Out of Africa: geographyic parsimony errors

arlin at ac.dal.ca arlin at ac.dal.ca
Sun Nov 17 15:56:06 EST 1991


In article <robison.690333981 at ribo>, robison at ribo.harvard.edu (Keith Robison) writes:
> lamoran at gpu.utcs.utoronto.ca (L.A. Moran) writes:
> 
>>Keith, can you construct an Out-of-Africa senario that is so obvioulsy more
>>reasonable and more simple? Any senarios that I can think of still require
>>many migrations between continents. For example, an early population
>>would have had to migrate out of Africa but some descendents of this group 
>>returned. Or, several distinct populations left Africa at different times. 
> 
> Using the Vigilant et al (1991, Science 253:1503-7) data, and trying to
> minimize the number of migrations, I get the following table:
> 
> 
> Origin assumption		  Africa		Somewhere else
> ----------------------------------------------------------------------
> Migrations from origin	    5			      2  
> 
> Back-migrations to origin	    7			     26
> 				-------------------------------
> Total migrations		   12			     28
> 
> 
> Does this answer your question?
> 
> Keith Robison
>  
Keith Robison's analysis of "migration" events necessary to explain
the present distribution of mtDNA types is flawed in two major
respects.

First, in this unfortunate method of parsimony analysis on geographic
states, migrating populations are being treated as lineages rather
than populations.  That is, the parsimony analysis assumes that there
is a one-to-one correspondence between historical human migration
events and the translocation of single lineages of mtDNAs, so that
each migration transferred one and only one lineage from point A to
point B.  This is an unwarranted assumption that has recently been
falsified by mtDNA studies on native americans (Ward, et al. 1991,
Proc. Natl. Acad. Sci. 88: 8720).

Second, even if we could treat population migrations as
character-state changes in lineages, we would not come up with the
numbers that Keith Robison derives. A parsimony analysis is carried
out by using allowable character state transitions to explain a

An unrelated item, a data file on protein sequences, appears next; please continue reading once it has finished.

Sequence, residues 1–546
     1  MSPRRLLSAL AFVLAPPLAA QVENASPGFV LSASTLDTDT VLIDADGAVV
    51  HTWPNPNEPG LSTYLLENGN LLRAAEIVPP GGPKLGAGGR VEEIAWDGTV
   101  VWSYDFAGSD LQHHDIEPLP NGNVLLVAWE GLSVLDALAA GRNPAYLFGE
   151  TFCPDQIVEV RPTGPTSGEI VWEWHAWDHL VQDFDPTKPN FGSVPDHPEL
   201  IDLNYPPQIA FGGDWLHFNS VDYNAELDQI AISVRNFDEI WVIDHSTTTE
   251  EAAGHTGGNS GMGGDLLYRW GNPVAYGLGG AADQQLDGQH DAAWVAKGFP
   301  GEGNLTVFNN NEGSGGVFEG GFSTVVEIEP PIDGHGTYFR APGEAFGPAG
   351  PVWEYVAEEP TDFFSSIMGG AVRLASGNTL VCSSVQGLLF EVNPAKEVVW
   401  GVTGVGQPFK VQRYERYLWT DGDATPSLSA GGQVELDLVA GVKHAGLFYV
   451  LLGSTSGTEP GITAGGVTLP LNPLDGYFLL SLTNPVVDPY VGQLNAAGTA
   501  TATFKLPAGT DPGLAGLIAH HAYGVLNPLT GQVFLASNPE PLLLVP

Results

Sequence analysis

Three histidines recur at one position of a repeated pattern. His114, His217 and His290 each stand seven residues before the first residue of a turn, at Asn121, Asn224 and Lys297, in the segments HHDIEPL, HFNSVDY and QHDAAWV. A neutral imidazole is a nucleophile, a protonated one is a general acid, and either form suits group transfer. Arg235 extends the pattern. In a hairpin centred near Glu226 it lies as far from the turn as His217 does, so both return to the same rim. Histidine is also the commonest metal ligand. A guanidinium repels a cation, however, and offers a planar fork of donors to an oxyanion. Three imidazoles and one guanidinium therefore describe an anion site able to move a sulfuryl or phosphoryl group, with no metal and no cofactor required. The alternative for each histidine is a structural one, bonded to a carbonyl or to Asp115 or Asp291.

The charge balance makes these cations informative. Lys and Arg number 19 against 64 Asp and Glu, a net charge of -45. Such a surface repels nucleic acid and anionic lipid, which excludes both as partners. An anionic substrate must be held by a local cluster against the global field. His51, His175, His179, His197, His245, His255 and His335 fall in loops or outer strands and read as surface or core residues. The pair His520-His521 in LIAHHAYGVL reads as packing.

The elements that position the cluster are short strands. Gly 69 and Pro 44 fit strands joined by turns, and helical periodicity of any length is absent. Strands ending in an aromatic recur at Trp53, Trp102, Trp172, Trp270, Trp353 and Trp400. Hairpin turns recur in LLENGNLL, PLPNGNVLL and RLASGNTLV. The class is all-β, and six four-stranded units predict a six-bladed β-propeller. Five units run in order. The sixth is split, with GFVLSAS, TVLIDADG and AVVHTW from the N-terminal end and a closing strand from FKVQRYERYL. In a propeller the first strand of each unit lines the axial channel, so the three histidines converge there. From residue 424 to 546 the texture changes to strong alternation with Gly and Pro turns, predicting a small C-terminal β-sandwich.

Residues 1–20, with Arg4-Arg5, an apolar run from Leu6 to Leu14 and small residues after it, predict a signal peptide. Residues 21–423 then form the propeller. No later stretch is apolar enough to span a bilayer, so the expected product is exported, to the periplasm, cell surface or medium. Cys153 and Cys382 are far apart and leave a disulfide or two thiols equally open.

distribution of observed character states within a pre-specified
phylogeny. In the analysis that Keith Robison is presenting, the
observed character states are geographic locations (Africa or
not-Africa) of the bearers of mtDNA types, and the phylogeny is the
supposed phylogeny of the mtDNA types.  The observed character states
for extant lineages are given on p. 1505 of the September 27 issue of
Science (Vigilant, et al., 1991), along with the tree.  The arguments
below will not make sense unless you are looking at the diagram on p.
1505.  The question that Keith is trying to answer is this: how many
character state changes (Africa-to-not-Africa or not-Africa-to-Africa)
does it take to explain the observed character states if A) the
ancestral character state was *Africa* or B) *not Africa*.  His
answers are A) 12 and B) 28.

The first answer is correct but the second is incorrect.  Looking at
the tree on p. 1505, it is easy to see that if the ancestral state was
*Africa*, then changes to *not-Africa* are needed for 1) type 23; 2)
type 28; 3) the ancestor of 49 & 50; 4) type 58; 5) the ancestor of
types 74 through 135.  In addition, many descendants of the ancestor
of types 74-135 went back to Africa, so we must postulate
back-migrations for 6) type 76; 7) the ancestor of types 77 & 78; 8)
type 83; 9) type 100; 10) type 103; 11) the ancestor of types 105-107;
and 12) type 127.  Keith seems to have correctly identified all of
these events (at least he came up with the right total of migrations
and back-migrations).

If the ancestral state was *not-Africa*, then changes to *Africa* must
be postulated for 1) the ancestor of types 1-9; and 2) the ancestor of
types 10-135.  Back migrations will then have to be postulated for 3)
type 23; 4) type 28; 5) the ancestor of 49 & 50; 6) type 58; 7) the
ancestor of types 74 through 135. In addition, many descendants of the
ancestor of types 74-135 went back to Africa, so we must postulate
migrations for 8) type 76; 9) the ancestor of types 77 & 78; 10) type
83; 11) type 100; 12) type 103; 13) the ancestor of types 105-107; and
14) type 127.  [these numbers should look familiar-- see previous
paragraph].  So the parsimony tally for this hypothesis should be 14,
not 28, as Keith Robison suggested (Keith seems not to have recognized
the necessity of event #7, and so missed finding the most 
parsimonious solution for the out-of-not-Africa hypothesis). 


So, the score is 12 for out-of-Africa and 14 for out-of-not-Africa, so
it looks like out-of-Africa is the more parsimonious by a small
margin.  But what does this result really mean?  I am just posting
this in order to correct the analysis given by Robison, NOT to support
his conclusion that "the molecular evidence for an African origin of
humans [sic] is rather certain."  In my opinion, although the result FAVORS
the hypothesis that *mtDNA types* now present in the population
originated in Africa, it in no way makes it CERTAIN or even makes it highly
likely, because of erroneous assumptions (treating populations like
lineages), methodological errors and statistical sleight-of-hand.  More
importantly, the question of the geographic origin of extant *mtDNA
types* is not the same as the question of the origin of the whole
extant human *gene pool*, and it is hardly equivalent to the question
of the origin of the human *species*.  Most people reading this
newsgroup should already know from years of discussions about "Eve"
that these questions should be kept conceptually distinct, though they
are in some ways related.

Arlin Stoltzfus

Arlin at ac.dal.ca



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